For the remake of Dawn of the Dead, producers wanted a full reimagining of Romero’s story that stood on its own while paying tribute to the broader premise of the original. Screenwriter James Gunn, whose biggest script prior to this was Scooby-Doo (2002), used the shopping mall setting, but beyond that he allowed the story to flow in its own way. Director Zack Snyder wanted to have his zombies run as a way to add a heightened sense of danger, and the fast zombies also served to set his movie even further apart from Romero’s original.
Shaun of the Dead is one of the rare zombie comedies that gets the balance of humor and seriousness exactly right. Simon Pegg stars as Shaun, an underachieving retail salesman who gets dumped by his girlfriend. When a zombie apocalypse breaks out, Shaun tries to sort his life out with the help of his slovenly best friend Ed (Nick Frost). Pegg co-wrote the script with director Edgar Wright, and their love of zombie movies, especially Romero’s zombie movies, is clear with all of the loving homages and references sprinkled throughout the film.
REC is shot in a found footage style, and it delivers intense scares at a rapid pace. While documenting the nightly routine of a fire department for a television show, reporter Angela (Manuela Velasco) and her cameraman become trapped inside a locked-down building while accompanying firemen on a call. Residents in the apartment are becoming unnaturally aggressive, and the people they attack are infected with whatever is causing their shifts in personality. The dwindling group of survivors must band together to try to survive the night in an enclosed space with an increasing number of very fast zombie-like monsters.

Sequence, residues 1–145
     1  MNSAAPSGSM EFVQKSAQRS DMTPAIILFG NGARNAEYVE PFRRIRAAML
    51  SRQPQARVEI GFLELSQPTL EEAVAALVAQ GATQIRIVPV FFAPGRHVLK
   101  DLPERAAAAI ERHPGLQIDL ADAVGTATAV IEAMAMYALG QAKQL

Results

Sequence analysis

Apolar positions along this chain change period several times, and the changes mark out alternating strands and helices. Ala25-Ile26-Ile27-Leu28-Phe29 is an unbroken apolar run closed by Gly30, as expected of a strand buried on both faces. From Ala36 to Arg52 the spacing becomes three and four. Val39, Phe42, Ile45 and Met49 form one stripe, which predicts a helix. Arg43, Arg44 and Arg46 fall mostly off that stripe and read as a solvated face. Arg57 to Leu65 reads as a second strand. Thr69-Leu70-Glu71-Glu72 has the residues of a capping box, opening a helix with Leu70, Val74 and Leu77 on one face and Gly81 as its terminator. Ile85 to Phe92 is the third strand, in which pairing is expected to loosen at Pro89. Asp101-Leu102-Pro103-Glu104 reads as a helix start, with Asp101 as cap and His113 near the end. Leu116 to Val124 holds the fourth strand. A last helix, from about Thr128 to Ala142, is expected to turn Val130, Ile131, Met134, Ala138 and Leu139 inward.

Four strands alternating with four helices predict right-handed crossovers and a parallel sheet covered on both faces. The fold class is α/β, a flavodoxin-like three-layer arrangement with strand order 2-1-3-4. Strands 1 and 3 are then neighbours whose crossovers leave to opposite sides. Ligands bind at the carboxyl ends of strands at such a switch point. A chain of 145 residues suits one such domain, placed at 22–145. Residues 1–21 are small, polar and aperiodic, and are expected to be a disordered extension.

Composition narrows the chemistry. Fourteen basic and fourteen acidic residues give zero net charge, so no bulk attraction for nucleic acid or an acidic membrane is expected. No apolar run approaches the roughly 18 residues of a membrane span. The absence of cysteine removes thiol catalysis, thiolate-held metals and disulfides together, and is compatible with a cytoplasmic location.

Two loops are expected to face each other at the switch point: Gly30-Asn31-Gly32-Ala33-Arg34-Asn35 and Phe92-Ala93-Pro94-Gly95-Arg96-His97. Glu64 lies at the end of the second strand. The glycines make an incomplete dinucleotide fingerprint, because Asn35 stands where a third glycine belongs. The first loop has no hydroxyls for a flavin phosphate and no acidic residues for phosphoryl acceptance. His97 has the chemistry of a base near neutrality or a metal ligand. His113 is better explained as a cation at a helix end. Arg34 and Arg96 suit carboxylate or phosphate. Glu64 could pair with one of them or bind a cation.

Planet Terror is an homage to the low-budget exploitation movies of the 1970s and 1980s. The plot is convoluted in wonderfully humorous ways, but it is basically about a chemical weapon that is released and turns most of a town’s residents into a grotesque zombie horde. A superb cast including Rose McGowan, Bruce Willis, Josh Brolin, Jeff Fahey, Tom Savini, and more bring this utterly ridiculous zombie movie to life with intentionally over-the-top performances. Maybe the best part though, is that director Robert Rodriguez took the “grindhouse” aesthetic to heart, throwing in (or rather, taking out) a few “missing reels” where large chunks of story are simply gone, despite huge changes happening in the moments we’ll never get to see.
Woody Harrelson, Jesse Eisenberg, Emma Stone, and Abigail Breslin star in this great zombie comedy from director Ruben Fleischer. Zombieland is essentially a road movie set during a zombie apocalypse in which four survivors travel throughout the United States killing zombies, looking for Twinkies, and maybe even falling in love. Zombieland was a hit in theaters thanks in large part to its stellar cast and great combination of laughs and gore.